Talat Zaki Hafiz, an economist and Saudi Financial Association board member, said Coral Bloom stands alongside other mega projects announced by the government in recent years, including Qiddiya, The Line and NEOM. This latest addition “will add value not only from the social point of view, but also it will add value to the Saudi economy and to the overall GDP of the Kingdom,” he said.

The tourism sector currently represents around 3.5 percent of the Kingdom’s GDP and the Ministry of Tourism is hoping projects like Coral Bloom will help increase this to 10 percent within the next decade.

“I think Crown Prince Mohammed bin Salman is doing a great job in order to diversify the economy of Saudi Arabia, also at the same time trying to make this island unique in terms of architecture and lifestyle,” said Salem Alghamdi, a professor at King Saud University Riyadh and an analyst in the travel and tourism sector.

“I am just waiting for it to be ready. I will be one of the first visitors. It is going to be a great place to stay and spend quality time. It’s also a very good way to diversify the Saudi economy,” he added.

Echoing the theme of diversification, Dr. Majed Al-Hedayan, a financial analyst and legal expert, said the project “will be a front for global tourism in an unprecedented way” and it will also encourage “foreign investors to establish their investment projects” in the Kingdom, therefore acting as a catalyst for future investment in the sector and go a long way to helping the Kingdom achieve its goal of generating SR500 billion by 2030.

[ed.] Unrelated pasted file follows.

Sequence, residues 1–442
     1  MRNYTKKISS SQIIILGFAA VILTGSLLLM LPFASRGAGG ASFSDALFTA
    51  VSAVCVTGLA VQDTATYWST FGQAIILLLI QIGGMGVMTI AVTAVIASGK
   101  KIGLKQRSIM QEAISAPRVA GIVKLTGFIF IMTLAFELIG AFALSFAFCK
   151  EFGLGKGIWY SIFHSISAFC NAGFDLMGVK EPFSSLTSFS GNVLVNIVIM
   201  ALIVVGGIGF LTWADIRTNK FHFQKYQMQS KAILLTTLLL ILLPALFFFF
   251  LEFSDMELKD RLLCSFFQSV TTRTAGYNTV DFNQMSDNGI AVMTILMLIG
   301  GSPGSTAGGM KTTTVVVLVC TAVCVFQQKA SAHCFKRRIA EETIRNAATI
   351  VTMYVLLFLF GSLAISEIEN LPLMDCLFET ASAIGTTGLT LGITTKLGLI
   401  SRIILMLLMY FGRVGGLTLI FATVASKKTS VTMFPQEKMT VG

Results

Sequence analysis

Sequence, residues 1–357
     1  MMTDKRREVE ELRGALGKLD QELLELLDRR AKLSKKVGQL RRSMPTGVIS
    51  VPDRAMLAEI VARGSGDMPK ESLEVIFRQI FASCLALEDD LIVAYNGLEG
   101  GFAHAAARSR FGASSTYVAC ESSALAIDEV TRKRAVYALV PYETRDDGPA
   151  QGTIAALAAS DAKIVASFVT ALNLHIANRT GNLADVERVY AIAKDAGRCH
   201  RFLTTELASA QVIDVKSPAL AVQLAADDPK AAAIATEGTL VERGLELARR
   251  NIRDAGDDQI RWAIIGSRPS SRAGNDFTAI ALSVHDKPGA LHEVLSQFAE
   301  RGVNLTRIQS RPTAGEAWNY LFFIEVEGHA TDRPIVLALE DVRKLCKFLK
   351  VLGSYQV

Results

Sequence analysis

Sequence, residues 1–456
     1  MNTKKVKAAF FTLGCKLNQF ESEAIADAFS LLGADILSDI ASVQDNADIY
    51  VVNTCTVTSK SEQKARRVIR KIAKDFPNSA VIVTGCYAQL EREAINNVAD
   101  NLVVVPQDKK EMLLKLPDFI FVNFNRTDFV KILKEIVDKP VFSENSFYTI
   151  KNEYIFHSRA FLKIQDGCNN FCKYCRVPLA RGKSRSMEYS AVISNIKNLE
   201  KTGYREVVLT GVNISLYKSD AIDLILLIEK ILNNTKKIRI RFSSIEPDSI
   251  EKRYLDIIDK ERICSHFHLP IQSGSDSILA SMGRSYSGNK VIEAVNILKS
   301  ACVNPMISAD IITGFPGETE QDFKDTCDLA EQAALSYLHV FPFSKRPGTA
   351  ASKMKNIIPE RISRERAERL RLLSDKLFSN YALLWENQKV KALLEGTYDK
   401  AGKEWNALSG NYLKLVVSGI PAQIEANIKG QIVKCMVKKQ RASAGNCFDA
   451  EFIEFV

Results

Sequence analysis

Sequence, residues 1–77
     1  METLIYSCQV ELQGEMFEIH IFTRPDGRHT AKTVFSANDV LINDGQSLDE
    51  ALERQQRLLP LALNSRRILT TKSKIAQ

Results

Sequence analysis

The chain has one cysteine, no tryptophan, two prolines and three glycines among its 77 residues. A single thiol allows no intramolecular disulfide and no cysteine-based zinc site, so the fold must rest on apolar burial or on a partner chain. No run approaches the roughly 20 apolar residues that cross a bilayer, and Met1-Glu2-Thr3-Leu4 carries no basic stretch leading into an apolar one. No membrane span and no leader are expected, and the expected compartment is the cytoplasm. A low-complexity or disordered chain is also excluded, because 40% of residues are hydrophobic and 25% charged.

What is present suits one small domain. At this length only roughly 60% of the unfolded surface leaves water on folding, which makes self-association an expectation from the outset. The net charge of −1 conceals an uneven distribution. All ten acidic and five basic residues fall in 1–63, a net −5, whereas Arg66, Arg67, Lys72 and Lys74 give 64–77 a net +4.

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Around four percent of the Saudi labor force currently works in the tourism sector. Last year, The Red Sea Development Company, the developer behind Coral Bloom, conducted more than 850 face-to-face interviews with young Saudis and found 90 percent of them said they would be eager for a career in the travel and tourism sector.

Mazen Al-Sudairi, head of research at Riyadh-based financial services company Al Rajhi Capital, said projects such as those on the Red Sea will help make these career ambitions a reality. Al-Sudairi said the PIF-backed Coral Bloom project “aligns well with the other projects announced recently” and will “bring more tourism and generate local employment in the Kingdom”.

The resilience of the Saudi tourism sector was abundantly clear during the coronavirus pandemic. While the UN World Tourism Organization described 2020 as “the worst year on record in the history of tourism,” with the number of international tourists between January and October down 72 percent year-on-year, the Saudi domestic market bucked the trend.

In an April interview with Reuters, Al-Khateeb said that Saudi tourism could shrink as much as 45 percent in 2020. However, in September, he told Bloomberg that a sudden surge in domestic travel — 50 percent more than officials projected — helped save businesses and jobs, as well as boost the economy.

Dr. Osama Ghanem Alobaidy, an advisor and professor of law at the Institute of Public Administration in Riyadh, said the positive performance of the tourism sector during the pandemic is clear evidence that the goals set out as part of Vision 2030 are on track.

“To achieve economic diversification, Saudi Arabia is seeking to increase foreign investments, increase the participation of small and medium-sized enterprises in the economy, generate new job opportunities and create and develop some of the world’s most impressive mega projects, such as Coral Bloom.”